Staff at the National Health Service centre in Manchester are no longer allowed to use metal paper fasteners anywhere on the premises after reports of injuries caused by the sharp-ish objects.
A memo sent to staff reads, "Due to recent incidents NHS Manchester has decided to immediately withdraw the use of metal paper fasteners.
"Please ensure that any that remain in use should now be replaced by similar plastic fasteners. The use of these metal fasteners is prohibited and must be carefully disposed of immediately. Thank you for your co-operation."
The Manchester Evening News reported that a picture of the offending metal fastener was included along with the memo.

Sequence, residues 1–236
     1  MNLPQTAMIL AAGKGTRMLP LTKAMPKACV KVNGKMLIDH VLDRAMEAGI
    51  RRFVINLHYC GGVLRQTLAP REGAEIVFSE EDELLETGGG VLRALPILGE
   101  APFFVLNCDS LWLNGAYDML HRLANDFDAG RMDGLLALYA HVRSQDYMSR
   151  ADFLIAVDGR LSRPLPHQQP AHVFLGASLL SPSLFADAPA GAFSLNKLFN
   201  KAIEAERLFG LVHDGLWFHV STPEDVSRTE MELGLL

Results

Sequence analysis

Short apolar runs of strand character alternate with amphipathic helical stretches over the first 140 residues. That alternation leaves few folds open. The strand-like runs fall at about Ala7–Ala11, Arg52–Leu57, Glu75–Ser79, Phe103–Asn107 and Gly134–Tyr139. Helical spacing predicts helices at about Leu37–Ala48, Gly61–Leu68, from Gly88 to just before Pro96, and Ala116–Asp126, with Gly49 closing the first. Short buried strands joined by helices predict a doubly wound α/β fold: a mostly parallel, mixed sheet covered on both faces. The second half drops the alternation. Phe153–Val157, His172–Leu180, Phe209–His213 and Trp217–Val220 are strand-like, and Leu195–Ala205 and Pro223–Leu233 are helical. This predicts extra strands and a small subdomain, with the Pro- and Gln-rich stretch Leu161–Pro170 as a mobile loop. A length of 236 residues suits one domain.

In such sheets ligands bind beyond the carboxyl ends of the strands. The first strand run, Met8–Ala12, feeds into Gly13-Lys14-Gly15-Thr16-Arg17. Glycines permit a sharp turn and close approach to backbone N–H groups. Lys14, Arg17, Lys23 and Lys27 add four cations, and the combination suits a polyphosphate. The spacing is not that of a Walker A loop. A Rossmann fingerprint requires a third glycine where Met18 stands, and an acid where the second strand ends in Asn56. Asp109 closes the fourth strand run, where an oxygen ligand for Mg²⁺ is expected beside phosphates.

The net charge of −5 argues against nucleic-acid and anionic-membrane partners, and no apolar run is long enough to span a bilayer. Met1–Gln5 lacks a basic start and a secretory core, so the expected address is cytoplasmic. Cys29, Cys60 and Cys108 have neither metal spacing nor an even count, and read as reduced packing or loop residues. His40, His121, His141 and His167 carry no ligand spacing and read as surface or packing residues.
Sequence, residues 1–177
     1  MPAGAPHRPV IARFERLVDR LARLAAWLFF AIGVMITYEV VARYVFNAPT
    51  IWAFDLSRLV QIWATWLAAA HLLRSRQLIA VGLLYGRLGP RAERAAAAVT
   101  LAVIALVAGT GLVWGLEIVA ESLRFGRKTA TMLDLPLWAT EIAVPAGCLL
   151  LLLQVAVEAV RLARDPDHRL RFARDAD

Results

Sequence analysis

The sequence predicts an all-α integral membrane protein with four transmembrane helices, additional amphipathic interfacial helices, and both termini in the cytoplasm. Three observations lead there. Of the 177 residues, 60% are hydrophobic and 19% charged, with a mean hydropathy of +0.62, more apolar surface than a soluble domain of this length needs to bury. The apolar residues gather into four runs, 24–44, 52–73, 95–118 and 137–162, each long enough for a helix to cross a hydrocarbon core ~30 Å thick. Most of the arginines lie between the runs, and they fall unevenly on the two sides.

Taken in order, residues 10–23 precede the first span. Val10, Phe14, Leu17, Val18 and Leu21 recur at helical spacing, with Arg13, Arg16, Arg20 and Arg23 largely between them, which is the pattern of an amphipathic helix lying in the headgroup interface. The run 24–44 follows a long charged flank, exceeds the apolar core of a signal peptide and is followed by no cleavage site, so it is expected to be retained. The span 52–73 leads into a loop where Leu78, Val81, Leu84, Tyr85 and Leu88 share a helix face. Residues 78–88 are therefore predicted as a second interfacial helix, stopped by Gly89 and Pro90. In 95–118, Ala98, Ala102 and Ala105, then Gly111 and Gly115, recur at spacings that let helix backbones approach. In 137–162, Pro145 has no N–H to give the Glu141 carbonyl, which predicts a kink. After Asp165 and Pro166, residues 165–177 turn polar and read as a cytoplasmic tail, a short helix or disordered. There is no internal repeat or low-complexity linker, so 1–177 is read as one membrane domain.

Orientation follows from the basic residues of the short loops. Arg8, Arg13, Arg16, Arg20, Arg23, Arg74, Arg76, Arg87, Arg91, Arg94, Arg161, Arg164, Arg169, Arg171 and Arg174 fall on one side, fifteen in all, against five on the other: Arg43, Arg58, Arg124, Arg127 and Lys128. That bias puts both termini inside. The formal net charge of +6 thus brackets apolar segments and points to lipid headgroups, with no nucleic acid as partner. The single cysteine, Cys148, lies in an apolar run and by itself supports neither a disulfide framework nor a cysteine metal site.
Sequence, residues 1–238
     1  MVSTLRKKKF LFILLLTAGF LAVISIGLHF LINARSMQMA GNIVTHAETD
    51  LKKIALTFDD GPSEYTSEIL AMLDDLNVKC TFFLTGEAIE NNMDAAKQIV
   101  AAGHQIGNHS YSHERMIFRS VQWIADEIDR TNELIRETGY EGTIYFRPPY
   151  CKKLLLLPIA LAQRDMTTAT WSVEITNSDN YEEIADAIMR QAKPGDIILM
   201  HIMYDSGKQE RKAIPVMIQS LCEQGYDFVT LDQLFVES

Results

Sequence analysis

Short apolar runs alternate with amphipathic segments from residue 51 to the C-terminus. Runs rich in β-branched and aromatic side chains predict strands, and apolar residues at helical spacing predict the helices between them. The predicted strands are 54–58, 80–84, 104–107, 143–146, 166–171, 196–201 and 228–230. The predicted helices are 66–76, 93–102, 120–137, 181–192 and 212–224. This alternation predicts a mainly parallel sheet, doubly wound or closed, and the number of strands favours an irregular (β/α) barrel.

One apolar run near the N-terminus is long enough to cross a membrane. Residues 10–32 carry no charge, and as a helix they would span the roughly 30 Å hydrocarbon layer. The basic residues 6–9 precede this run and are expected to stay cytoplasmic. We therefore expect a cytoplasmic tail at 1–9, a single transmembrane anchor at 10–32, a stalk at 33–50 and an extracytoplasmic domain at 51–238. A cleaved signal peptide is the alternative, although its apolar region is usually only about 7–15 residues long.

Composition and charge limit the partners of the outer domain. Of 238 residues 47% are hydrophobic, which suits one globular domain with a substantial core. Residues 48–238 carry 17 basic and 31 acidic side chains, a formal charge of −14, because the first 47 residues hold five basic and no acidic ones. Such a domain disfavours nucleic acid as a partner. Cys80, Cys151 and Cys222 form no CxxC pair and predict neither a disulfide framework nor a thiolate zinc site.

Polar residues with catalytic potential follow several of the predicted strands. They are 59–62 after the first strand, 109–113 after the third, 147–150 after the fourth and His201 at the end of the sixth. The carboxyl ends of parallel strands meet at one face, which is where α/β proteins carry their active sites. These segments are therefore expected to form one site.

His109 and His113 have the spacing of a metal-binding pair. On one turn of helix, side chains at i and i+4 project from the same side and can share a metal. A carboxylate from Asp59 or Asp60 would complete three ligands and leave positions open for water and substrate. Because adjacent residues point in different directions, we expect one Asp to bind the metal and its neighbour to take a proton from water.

Earlier, The Mirror and Metro reported that paper clips, not the metal paper fasteners that are used to hold papers together in folders or binders.
According to the Evening News, one staff member said, "It is ridiculous. They're vaguely sharp, like drawing pins and fountain pens.
"I can only assume that the top brass think that they've employed idiots who need nannying through the working day."
Looking around the cbc.ca newsroom right now, it's clear that the average office space is rife with potential horrors. Staples, push pins, even heavy-duty printing paper can injure the careless employee nursing a coffee-to-sleep deficit. But is it enough of a worry to ban the use of them altogether?
How often have you cut or injured yourself on mundane office equipment?
(This survey is not scientific. Results are based on readers' responses.)
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